“It’s raining sparks,” says Haruka Echigo’s Saki, as the sky fills with dreamlike fireworks during Moonless Dawn – a moody 60-minute feature on existential youth.
Inspired by the music of Japanese band LOWPOPLTD, Harika Abe’s debut steers the intertwining stories of three students in Shibuya. The first is Yuka (Yuka Nakao) – a popular schoolgirl who occasionally meets with strangers in love hotels; Saki, a timid and troubled student who is at odds with her strict parents, and Kou (Yuzu Aoki), an aspiring musician whose wimpy father teaches at his school.
Sitting uneasy at the precipice of junior high school, these aimless characters are drawn together by Kou’s music and develop a platonic bond that fills the void of dull Japanese academia and home life. Their meeting point (or club treehouse of sorts) is the rooftop of a mysterious building that overlooks the sullen city. A place they can jointly escape to, away from the moral and forced-upon obligations of their daily lives.
The film also muses on interesting present-day concerns about modern technology and relationships – where people are so accustomed to communication through their phones that they’ve forgotten what true interaction and connection feels like. Take Kou, for example, who barely acknowledges the existence of his single father – a man physically bullied by his own students and incapable of retaliation.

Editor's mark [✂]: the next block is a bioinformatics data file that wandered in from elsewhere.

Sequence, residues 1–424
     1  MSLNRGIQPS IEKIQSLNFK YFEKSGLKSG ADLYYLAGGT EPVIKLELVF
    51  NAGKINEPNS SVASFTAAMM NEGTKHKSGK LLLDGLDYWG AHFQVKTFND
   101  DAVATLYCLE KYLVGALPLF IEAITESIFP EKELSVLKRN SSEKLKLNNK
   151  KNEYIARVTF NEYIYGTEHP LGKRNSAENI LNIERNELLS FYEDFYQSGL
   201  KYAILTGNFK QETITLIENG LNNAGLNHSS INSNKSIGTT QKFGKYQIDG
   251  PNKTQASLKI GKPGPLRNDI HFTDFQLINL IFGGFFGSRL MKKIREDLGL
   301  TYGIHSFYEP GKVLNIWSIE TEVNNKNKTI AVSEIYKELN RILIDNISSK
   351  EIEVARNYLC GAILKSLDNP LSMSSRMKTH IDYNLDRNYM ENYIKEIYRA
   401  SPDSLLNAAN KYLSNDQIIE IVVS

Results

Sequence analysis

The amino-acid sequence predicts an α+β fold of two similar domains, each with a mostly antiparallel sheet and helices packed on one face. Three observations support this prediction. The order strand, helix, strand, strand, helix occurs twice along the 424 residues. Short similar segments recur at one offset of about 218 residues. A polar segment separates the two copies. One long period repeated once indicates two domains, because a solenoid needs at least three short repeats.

In another awkward scene, with minimal use of dialogue and eye contact, Kou invites a classmate over with the intention of making a move on her. Yuka, meanwhile, finds some form of imprudent satisfaction from encounters with seedy older men – relentlessly vying for her attention on Shibuya’s busy promenade.
Contrasting the village-like suburbia with the city’s modern constructs, Abe’s restrained direction suits Japan’s grey palette and allows her young actors to deliver understated performances which gently unravel and build portraits.
But the one-two combo of Moonlight Dawn’s brief running time and slice-of-life narrative means it never truly gains enough traction – the screenplay drifting as free-spirited as its characters, before an odd twist (or turn?) and unsatisfying denouement. The result is a peculiar and laconic snapshot of Japanese adolescence that would better suit an intriguing TV pilot, rather than a feature film.